4. The Hitchhiker’s Guide to the Galaxy (Douglas Adams)

A lightweight, laugh-out-loud-funny book that provided not only a lifetime’s worth of quotes and references but also a shibboleth for much of my circle of friends at many points in my life.  If you didn’t love this book, we didn’t know what to make of you.

5. The Phantom Tollbooth (Norton Juster)

One of my favorites as a kid, and still in many ways a useful exploration of how the world is and ought to be run.  The fact that my own children loved it too made me absurdly happy.

6. Lamb: The Gospel According to Biff, Christ’s Childhood Pal (Christopher Moore)

This book takes as its starting point the idea that Jesus was exactly who he said he was, but that he had friends who were not similarly divine.  What would his life look like to those friends?  This is the single funniest book I have ever read and one that I have recommended to friends and family who span the gamut from atheist to evangelical.  It raises interesting questions about the nuts and bolts of divinity against a human backdrop.

7. A Canticle for Liebowitz (Walter Miller Jr.)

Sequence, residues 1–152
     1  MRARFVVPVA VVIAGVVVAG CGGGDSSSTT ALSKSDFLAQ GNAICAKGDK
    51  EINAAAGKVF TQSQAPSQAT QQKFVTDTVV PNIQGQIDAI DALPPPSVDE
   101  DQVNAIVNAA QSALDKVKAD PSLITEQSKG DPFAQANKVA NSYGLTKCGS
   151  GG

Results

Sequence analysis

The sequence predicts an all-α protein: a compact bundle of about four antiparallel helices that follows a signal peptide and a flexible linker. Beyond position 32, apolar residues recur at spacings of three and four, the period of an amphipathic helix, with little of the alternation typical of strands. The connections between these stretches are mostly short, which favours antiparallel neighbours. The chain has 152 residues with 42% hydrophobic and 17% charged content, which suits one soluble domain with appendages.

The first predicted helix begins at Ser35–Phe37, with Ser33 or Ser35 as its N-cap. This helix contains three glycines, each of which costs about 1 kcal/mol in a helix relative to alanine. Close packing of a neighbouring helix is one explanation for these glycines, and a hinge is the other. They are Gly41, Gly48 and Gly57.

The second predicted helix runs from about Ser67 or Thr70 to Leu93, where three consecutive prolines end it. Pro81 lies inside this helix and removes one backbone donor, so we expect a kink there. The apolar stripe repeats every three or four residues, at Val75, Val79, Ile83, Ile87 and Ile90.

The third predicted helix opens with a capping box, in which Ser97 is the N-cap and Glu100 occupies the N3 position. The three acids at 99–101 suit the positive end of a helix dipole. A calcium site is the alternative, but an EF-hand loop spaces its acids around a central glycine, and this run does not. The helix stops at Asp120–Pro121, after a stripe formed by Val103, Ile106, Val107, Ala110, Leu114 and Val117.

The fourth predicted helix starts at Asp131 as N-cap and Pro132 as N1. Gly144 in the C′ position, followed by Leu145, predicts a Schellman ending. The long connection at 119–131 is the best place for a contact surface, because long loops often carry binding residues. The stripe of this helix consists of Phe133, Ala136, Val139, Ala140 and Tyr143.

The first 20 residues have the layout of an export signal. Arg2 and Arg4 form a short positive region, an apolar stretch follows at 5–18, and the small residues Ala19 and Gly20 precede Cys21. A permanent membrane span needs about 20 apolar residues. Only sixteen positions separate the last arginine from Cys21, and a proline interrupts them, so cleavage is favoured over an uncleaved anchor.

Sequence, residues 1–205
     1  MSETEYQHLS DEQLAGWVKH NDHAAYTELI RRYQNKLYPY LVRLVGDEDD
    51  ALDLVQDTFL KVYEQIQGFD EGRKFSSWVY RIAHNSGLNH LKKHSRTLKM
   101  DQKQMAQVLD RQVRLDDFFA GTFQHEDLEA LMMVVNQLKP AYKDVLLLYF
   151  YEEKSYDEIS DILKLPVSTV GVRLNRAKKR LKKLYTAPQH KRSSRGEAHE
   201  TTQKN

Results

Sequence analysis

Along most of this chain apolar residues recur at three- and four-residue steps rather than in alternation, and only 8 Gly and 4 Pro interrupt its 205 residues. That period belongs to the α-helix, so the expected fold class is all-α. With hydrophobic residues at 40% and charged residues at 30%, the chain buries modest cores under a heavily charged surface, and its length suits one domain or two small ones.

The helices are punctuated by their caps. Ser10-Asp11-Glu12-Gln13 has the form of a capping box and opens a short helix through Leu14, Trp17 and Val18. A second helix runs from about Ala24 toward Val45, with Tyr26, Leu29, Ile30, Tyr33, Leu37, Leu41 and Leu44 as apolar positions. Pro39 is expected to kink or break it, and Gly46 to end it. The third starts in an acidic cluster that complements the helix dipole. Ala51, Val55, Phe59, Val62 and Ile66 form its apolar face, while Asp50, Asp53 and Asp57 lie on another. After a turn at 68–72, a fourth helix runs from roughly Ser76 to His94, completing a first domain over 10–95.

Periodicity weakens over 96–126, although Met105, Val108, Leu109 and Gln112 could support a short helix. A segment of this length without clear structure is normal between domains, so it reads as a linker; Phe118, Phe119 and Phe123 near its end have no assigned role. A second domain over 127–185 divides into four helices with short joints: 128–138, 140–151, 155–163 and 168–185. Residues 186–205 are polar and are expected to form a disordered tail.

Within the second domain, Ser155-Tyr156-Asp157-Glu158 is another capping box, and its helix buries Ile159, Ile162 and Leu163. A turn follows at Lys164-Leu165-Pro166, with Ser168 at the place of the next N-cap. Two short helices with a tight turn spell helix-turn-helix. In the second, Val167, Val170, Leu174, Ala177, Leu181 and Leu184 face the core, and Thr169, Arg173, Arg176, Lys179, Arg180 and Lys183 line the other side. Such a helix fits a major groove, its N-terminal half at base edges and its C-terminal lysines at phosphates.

The first post-apocalyptic book I ever read and the source of a persistent fascination with that genre ever since, this exercise in Deep History spans 1500 years as human civilization struggles to recover from nuclear war.  “Listen, are we doomed to do it again and again,” it asks. 

8. Slapstick (Kurt Vonnegut)

This book was recommended to me by a friend who thought I would like it, and she was right.  Vonnegut’s pessimistic humanism struck a chord with me and eventually I went on to read everything he ever wrote.

9. Letters From the Earth (Mark Twain)

I picked this up at Mark Twain’s home in Connecticut, oddly enough, and it opened my eyes to just how dark his humor could be and how much he spoke to the sorts of things I thought about anyway.  If all you know about Twain is the Disney version of Huck Finn, this will surprise you.

10.  The Structure of Scientific Revolutions (Thomas Kuhn)

How do paradigms shift?  How do we move from one way of thinking to another?  There are a great many answers to these questions – almost as many as there are people asking – but I find Kuhn’s answers to be most useful in everyday life. 

11.  The Gone-Away World (Nick Harkaway)

Nobody has more fun with the English language than Harkaway, and he stands as a model for the exuberance that storytelling can be.  Tom Robbins is very much in the same vein that way (particularly Skinny Legs and All), but Harkaway is better.